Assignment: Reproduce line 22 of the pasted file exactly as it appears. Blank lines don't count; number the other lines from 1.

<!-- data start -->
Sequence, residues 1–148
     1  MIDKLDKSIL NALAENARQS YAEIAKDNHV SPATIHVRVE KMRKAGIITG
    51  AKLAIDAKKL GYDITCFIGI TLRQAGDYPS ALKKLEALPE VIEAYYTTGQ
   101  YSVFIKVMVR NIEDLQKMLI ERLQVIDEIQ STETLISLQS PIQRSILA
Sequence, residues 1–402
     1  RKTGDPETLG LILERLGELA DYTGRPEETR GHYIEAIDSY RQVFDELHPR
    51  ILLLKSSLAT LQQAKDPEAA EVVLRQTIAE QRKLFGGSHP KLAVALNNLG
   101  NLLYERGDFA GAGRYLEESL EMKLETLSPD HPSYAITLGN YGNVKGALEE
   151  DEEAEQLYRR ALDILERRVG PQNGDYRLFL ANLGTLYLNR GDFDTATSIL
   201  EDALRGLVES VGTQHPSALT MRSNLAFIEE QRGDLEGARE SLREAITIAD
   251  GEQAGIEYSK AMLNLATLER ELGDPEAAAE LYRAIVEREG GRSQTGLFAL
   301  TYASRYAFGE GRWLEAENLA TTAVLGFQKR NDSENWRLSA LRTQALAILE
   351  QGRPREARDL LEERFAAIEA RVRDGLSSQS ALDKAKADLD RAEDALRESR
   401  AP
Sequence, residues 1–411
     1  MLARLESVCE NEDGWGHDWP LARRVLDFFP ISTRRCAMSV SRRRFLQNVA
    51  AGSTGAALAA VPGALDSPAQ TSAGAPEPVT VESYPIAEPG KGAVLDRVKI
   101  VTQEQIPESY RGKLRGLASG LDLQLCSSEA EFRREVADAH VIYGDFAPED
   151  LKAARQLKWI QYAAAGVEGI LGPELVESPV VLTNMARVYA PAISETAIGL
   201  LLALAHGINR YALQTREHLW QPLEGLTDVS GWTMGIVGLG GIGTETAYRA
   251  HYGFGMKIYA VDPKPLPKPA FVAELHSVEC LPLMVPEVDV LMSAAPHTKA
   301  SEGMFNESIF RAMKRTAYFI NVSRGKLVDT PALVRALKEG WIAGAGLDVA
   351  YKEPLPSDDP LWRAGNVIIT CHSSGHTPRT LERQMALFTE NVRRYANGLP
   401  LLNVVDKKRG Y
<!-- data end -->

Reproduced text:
   301  SEGMFNESIF RAMKRTAYFI NVSRGKLVDT PALVRALKEG WIAGAGLDVA